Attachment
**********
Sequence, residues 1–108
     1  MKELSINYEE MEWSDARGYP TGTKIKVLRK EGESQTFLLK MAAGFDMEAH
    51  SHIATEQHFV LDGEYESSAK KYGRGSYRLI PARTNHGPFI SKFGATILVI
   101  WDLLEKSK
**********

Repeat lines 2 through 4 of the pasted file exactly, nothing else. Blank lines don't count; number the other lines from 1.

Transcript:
     1  MKELSINYEE MEWSDARGYP TGTKIKVLRK EGESQTFLLK MAAGFDMEAH
    51  SHIATEQHFV LDGEYESSAK KYGRGSYRLI PARTNHGPFI SKFGATILVI
   101  WDLLEKSK